Gout Risk Factors

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Gout Risk Factors:

What is a risk factor for gout? A risk factor increases your chances of developing gout but it is not certain that you will develop the disease. A risk factor is not a direct cause of the disease but the risk factors are associated in some way with developing gout.

Overweight or Obesity:

Being overweight is a risk factor for developing gout. Being overweight can lead to excess uric acid production.

Eating Purine-Rich Foods:

Eating purine-rich foods as part of your regular diet can be a risk factor for developing gout.

Excessive Alcohol Intake:

Heavy or even moderate alcohol intake can lead to hyperuricemia.

High Blood Pressure:

High blood pressure or hypertension may increase the risk for developing gout.

Lead Poisoning:

Lead poisoning can increase the risk of developing gout and is considered a risk factor.

Family History - Gender - Age:

Family history or genetics are risk factors for developing gout. Up to 18% of people with gout have a family history associated with gout. More men than women have gout. Women generally do not develop gout until they are postmenopausal. Adults develop gout more frequently than children.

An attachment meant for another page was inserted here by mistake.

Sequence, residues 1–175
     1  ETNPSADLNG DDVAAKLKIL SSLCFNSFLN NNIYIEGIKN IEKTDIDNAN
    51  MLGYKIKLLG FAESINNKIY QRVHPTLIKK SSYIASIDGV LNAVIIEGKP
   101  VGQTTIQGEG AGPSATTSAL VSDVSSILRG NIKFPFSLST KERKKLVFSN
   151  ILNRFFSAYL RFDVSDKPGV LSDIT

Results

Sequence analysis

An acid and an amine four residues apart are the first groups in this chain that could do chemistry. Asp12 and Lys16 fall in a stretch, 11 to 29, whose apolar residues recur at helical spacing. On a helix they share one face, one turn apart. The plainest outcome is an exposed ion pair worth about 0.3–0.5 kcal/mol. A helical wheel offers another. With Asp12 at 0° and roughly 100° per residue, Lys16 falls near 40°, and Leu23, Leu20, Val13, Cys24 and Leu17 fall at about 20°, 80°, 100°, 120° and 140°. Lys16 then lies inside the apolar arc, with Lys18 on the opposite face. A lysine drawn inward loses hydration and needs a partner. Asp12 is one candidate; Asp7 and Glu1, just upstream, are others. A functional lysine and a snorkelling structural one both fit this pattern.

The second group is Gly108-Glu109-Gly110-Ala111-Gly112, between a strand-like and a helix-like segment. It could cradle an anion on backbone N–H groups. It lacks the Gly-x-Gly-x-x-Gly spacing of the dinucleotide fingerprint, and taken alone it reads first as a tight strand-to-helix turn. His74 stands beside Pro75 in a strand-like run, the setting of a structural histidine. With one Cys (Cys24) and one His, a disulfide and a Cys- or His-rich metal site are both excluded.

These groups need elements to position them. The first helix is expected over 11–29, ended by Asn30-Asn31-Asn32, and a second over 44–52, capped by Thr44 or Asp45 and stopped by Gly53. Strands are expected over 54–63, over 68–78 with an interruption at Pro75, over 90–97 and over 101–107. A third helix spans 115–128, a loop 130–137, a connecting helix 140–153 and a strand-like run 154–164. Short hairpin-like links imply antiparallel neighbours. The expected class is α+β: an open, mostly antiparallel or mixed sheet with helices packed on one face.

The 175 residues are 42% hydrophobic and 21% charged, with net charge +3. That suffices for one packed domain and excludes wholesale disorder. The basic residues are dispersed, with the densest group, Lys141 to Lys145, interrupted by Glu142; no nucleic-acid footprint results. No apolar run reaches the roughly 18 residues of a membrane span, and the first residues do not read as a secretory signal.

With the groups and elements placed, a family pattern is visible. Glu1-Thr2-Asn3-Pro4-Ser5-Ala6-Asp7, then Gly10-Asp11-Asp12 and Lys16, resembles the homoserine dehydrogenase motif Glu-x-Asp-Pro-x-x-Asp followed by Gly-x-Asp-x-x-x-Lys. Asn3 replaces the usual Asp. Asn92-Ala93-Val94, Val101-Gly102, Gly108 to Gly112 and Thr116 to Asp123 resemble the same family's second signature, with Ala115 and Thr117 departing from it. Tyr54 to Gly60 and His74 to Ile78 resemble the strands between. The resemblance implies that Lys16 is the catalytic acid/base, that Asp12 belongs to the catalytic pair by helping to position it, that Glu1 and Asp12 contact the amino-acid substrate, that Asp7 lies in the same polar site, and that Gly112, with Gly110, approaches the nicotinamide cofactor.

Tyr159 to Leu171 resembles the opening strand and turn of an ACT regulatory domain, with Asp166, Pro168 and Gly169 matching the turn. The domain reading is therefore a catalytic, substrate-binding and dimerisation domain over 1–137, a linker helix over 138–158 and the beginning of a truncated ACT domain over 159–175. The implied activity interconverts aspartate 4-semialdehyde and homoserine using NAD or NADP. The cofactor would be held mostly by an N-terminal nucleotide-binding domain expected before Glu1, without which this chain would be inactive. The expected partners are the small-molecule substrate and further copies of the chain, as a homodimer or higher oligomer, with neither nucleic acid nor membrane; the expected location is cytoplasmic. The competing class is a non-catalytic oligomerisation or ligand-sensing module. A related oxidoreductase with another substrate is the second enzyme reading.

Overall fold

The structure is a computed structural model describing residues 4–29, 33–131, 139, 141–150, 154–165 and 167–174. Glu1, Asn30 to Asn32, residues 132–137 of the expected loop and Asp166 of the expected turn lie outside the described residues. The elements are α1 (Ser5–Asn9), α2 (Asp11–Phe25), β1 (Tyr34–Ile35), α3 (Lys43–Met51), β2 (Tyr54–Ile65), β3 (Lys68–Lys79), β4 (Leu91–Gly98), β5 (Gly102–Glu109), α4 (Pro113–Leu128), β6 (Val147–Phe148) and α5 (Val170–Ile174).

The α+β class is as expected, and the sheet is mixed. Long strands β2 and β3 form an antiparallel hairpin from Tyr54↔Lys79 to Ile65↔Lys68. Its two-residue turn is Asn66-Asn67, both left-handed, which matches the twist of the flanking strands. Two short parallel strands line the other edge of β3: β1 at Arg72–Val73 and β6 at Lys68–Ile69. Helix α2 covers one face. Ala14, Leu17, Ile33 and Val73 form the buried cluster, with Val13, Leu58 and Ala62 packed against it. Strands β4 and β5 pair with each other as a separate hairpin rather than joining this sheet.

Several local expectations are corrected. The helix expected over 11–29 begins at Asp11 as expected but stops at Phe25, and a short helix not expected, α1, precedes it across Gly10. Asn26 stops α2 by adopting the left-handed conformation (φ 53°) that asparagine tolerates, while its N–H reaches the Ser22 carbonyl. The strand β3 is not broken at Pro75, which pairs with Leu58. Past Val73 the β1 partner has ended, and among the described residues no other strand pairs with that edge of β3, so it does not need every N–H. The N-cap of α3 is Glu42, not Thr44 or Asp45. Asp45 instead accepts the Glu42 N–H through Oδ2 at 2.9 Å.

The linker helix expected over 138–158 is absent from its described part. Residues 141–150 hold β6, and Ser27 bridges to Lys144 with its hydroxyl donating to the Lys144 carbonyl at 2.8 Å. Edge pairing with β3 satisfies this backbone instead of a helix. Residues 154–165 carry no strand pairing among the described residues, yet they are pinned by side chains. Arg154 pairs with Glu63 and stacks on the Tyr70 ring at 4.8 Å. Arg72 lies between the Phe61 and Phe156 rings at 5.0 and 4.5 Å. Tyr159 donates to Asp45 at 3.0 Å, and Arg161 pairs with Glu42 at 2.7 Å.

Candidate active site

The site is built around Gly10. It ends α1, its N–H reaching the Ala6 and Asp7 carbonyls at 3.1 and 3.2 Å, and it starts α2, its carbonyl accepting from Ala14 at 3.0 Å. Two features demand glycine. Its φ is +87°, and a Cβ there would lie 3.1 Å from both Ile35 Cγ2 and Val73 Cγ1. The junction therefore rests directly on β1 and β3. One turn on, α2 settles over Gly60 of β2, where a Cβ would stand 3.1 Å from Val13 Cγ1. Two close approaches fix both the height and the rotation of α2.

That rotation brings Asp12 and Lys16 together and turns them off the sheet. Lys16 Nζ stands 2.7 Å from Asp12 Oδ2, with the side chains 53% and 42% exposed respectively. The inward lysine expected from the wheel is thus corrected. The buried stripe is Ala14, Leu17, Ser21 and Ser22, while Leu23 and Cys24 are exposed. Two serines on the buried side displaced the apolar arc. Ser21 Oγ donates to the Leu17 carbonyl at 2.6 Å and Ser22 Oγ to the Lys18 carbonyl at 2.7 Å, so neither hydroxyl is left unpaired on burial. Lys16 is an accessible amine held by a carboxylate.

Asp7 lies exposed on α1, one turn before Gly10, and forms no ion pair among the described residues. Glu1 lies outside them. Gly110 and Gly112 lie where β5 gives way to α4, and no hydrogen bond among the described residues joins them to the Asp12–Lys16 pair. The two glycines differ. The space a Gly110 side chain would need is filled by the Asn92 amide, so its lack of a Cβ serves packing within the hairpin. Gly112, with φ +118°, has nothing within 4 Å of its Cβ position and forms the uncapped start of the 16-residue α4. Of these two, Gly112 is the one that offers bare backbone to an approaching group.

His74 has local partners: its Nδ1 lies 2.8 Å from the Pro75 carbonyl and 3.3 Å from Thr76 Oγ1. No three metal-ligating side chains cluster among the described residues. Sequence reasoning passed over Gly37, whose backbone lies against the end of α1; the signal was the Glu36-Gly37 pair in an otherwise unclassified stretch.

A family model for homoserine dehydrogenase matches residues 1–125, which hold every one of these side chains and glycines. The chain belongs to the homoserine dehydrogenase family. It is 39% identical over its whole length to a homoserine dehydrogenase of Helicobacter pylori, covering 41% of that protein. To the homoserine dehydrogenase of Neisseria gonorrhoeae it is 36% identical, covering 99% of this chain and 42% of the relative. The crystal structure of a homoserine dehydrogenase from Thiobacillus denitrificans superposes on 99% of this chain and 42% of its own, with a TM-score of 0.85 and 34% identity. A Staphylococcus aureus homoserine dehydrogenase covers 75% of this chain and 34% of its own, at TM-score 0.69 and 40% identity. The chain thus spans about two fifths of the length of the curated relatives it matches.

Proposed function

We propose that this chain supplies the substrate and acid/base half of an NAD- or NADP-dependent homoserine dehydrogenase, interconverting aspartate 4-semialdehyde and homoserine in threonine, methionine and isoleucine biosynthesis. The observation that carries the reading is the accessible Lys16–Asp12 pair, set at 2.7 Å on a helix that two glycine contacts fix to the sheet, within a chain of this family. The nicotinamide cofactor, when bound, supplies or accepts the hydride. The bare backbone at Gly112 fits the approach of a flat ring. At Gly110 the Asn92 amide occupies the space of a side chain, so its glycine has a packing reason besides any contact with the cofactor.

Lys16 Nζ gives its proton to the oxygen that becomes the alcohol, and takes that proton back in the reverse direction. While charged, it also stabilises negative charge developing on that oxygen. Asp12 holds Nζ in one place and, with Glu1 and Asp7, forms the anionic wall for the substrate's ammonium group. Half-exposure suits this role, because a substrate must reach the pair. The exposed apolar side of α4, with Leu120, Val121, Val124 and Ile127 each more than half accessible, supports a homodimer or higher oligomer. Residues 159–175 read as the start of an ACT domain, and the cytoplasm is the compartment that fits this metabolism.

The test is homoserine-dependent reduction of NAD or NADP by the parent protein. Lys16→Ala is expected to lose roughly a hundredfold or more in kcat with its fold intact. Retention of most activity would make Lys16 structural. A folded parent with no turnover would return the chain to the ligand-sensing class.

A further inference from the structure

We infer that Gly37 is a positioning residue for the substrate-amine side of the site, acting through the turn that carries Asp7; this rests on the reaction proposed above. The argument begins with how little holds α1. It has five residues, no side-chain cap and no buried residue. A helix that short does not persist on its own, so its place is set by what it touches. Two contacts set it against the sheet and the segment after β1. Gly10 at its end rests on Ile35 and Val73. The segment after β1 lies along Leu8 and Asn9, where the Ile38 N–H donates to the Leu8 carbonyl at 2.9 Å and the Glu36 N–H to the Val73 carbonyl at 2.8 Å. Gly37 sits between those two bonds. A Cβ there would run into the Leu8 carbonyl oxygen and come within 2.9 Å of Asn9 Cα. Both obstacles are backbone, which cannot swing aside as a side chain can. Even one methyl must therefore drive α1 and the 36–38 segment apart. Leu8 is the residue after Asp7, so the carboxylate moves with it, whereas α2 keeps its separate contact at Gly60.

Abnormal Kidney Function:

Abnormal kidney function, resulting in low urine output, can increase the risk of developing gout.

Certain Medications:

Certain medications can lead to hyperuricemia. Some of the drugs which increase the risk of developing gout include:

Certain Medical Conditions:

Having certain medical conditions may increase the risk of developing gout. Diseases associated with an increased gout risk include:

  • leukemia
  • lymphoma
  • hemoglobin disorders
  • hypothyroidism


  • Risk Factors For Gout, Brigham and Women's Hospital Health Information
  • Gout, Primer On The Rheumatic Diseases, 12the Edition. Published by the Arthritis Foundation.

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